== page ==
Mr Motivator Wants To Feed Guests His ASHES At His Own Funeral!

By Cara Dudgeon 4 years ago

Former GMTV fitness expert Mr Motivator wants to feed his ashes to mourners at his own funeral.




 

Image Source/ Nottingham Bid

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The breakfast television icon - real name Derrick Evans - has started planning his funeral and wake and has come up with the bizarre idea to mix his burnt remains with fish paste and serve them in sandwiches to those who attend.

Speaking to the Daily Star newspaper, he said:
'When you have a funeral in Jamaica loads of people just want free food. So I want my ashes mixed up with fish-paste and made into sandwiches and given out to people. It's all planned'.

The 66-year-old television star - who appeared on GMTV from 1993 to 2000 and made a three-week return in 2009 - doesn't plan on dying anytime soon and believes with his healthy lifestyle he can live until he is 114.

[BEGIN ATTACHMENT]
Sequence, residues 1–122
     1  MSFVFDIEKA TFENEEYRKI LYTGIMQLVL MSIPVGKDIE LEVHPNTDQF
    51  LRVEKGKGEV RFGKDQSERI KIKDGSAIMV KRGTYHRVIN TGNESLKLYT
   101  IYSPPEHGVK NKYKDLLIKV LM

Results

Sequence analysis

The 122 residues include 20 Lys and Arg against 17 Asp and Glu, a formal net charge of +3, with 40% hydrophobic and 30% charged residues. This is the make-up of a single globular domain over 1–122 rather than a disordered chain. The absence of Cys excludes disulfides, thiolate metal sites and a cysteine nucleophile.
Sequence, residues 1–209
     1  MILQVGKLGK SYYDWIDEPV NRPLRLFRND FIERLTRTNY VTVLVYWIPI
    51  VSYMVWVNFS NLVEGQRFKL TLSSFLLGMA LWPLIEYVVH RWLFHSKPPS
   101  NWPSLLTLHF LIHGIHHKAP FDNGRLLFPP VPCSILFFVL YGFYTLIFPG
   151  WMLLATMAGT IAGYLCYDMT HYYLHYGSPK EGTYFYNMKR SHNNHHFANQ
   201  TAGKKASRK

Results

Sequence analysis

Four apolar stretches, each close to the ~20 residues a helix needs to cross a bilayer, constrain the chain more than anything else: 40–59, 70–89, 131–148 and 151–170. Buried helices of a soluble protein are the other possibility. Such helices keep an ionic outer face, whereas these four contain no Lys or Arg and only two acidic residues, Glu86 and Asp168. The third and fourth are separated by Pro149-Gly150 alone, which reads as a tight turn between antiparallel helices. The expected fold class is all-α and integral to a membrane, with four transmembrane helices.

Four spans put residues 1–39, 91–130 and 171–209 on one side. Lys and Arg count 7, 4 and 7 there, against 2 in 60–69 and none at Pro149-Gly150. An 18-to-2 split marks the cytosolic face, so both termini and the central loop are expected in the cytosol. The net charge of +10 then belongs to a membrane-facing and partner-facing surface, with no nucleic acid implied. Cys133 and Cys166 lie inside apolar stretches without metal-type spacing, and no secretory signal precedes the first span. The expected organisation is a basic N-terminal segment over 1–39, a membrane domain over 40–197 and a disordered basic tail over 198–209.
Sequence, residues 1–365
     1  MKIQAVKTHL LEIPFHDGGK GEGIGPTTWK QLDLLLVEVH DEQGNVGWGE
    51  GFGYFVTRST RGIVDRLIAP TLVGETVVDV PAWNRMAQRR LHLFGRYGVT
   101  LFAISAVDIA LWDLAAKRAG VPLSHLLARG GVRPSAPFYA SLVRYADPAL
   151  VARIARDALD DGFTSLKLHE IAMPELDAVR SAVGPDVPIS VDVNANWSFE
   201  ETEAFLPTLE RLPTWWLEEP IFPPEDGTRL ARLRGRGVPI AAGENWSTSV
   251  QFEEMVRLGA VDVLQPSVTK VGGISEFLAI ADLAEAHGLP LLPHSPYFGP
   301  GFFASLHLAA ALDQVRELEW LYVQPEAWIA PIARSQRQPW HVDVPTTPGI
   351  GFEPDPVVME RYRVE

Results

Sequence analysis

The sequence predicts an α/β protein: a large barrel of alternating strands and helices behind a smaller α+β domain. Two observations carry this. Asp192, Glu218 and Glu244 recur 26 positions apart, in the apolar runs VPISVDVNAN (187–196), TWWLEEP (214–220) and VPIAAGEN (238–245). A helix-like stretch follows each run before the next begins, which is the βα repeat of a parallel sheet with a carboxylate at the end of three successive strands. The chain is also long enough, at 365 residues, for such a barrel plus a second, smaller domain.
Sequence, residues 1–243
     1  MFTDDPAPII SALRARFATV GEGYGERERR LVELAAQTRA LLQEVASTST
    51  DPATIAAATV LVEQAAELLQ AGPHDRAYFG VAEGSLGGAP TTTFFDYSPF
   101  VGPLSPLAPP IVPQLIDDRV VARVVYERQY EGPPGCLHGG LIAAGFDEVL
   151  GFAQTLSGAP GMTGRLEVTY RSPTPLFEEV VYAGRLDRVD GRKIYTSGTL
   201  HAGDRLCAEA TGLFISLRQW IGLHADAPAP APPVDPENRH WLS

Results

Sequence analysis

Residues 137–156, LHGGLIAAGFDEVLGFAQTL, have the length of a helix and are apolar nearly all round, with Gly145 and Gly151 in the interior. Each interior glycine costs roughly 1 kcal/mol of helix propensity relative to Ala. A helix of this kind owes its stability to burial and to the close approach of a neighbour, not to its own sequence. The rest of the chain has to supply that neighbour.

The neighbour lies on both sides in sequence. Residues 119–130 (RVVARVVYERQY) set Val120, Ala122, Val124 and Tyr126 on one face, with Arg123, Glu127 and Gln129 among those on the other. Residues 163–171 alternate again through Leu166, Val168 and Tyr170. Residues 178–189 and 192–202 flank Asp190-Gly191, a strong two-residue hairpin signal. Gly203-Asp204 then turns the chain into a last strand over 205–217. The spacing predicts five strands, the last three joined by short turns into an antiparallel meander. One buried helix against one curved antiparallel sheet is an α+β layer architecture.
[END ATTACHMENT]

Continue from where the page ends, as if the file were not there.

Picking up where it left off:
Derrick - who now splits his time between the UK and his homeland of Jamaica, where he runs adventure tourism business H'Evans Scent - insists his positive mental attitude has also kept him youthful and free of illness.

He said:
'I'm living to 114 though. The years have been kind to me because I'm positive'.

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Earlier this year, Derrick admitted he wanted to make a return as a regular on morning TV to educate people on healthy living and spreading his message of positivity into the world.

He said:
'On morning television, I believe that there's a role for me even more. Even if it's only to say, 'Your parents grew up doing what I was doing and listening to what I was saying on breakfast TV. You now must do the same because there's some positive messages that will resonate with you for your future'.

'My message is even more important now.

'Where is feelgood television?

'There's a role for that kind of attitude on TV rather than what we see every single day, which is the shouting and the screaming blatantly pushed in front of your face. A quality needs to return. All too often, what we get is all the nasty stuff, all the bad stuff.

'We laugh at the nasty stuff - we laugh at people having problems rather than saying, 'Let me listen to how they cope. Let me see what they have to do to change their life.' Feel good TV needs to come back. We need to highlight people who make us feel good'.

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